So, why the crazy title? It was the fall of 2008 and I was finishing up the Master Gardener course through the University of Maine Extension. They had planned a potluck dinner for the awards ceremony. Now when you ask a group of eager volunteer gardeners to bring food during harvest time, things get very creative. Most people love food but gardeners are at a whole different level here. They relish every tasty bit of their labors.
When I reached the enormous salad taking up most of the space in a large wooden bowl, I couldn’t get over the gorgeous array of greens and reds mixed with nasturtium blossoms. Then our class coordinator said that all the greens had been harvested that very morning in her hoop house. What?!?! I had used up the greens in my garden months ago. This began my quest for learning about season extension. Yes, I had learned about greenhouses and things, but until I saw that salad my interest in lettuce had been relegated to a few ‘Black Seeded Simpson’ plants harvested sometime in July. The idea of wintering over greens hadn’t really taken seed in my brain yet. What I was about to learn sent me on a journey to learn with a ravenous need for knowledge that I had never had before.
For the next six months I embarked on a learning adventure. I devoured any information I could find on season extension. At that time, many other gardeners and farmers were also interested in feeding their families longer and extending their profits for their businesses. It seemed like every new issue of Mother Earth News had another article on the topic. The following spring, a friend and I make the trek up to Harborside, Maine to visit the farm of Eliot Coleman. He is somewhat of a celebrity in the gardening world, authoring several books on the subject of season extension like The Winter Harvest Handbook and Four-Season Harvest.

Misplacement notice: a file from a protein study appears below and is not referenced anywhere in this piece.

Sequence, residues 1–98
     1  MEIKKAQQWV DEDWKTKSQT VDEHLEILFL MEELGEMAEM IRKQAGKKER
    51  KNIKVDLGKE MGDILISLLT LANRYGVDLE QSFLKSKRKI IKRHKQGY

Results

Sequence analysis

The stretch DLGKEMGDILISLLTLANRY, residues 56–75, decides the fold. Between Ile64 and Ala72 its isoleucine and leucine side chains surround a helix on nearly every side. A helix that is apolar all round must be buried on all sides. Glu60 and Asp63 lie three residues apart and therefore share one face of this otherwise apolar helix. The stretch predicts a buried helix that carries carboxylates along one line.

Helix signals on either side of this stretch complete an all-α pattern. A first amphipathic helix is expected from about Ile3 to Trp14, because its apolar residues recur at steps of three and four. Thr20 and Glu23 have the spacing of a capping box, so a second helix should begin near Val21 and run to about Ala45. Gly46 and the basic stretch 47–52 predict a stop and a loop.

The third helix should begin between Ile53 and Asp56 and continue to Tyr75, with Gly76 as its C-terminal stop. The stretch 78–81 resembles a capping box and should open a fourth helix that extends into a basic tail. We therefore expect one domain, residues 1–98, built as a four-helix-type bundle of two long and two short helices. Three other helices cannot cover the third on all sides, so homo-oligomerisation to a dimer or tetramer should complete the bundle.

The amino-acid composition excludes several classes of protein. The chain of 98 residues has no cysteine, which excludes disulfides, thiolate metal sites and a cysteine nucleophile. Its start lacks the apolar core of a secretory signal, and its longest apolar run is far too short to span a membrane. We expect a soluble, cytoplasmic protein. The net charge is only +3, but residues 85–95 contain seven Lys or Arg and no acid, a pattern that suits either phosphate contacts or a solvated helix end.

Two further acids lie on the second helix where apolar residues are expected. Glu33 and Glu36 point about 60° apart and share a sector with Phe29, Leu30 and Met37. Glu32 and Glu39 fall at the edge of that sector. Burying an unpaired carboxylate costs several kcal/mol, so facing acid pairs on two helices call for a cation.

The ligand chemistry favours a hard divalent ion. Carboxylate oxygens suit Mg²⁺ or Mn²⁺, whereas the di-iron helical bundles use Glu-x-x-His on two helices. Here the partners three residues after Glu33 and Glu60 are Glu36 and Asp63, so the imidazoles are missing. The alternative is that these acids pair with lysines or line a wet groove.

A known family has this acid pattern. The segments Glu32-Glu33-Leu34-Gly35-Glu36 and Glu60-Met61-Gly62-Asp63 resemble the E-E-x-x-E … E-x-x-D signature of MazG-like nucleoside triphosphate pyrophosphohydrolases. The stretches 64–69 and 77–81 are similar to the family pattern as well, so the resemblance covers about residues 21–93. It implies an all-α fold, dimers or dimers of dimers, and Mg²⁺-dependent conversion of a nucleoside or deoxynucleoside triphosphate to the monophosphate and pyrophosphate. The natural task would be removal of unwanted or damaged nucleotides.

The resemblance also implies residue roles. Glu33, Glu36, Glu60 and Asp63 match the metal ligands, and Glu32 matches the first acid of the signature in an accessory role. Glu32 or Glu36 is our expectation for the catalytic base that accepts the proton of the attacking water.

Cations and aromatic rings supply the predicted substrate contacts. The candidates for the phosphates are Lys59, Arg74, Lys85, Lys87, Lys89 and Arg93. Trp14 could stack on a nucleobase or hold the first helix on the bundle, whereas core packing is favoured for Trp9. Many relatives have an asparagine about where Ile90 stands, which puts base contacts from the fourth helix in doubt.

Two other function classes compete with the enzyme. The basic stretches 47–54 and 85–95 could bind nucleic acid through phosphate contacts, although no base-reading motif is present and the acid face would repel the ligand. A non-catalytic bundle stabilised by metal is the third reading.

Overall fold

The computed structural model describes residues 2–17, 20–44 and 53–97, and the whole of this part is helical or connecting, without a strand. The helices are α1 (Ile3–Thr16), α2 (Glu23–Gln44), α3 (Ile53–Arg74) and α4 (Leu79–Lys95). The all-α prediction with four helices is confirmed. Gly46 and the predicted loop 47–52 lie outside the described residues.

By the next fall, after having my husband build a hoop over one of my raised beds, I was ready. The results were astounding! Now what was once a mystery has just meshed with the rhythm of the seasons. Multiple planting times ensure continual harvests. It is rare that I have nothing to pick. Yes, I still do buy lettuce when I need to but for the most part my salad bowl is full!
This would be the first chapter in my season extending salad green adventure. Future blog entries will chronicle hoop house growing as well as just about anything that grows. Subscribe in sidebar if you like! Please join me for tons of info on season extension!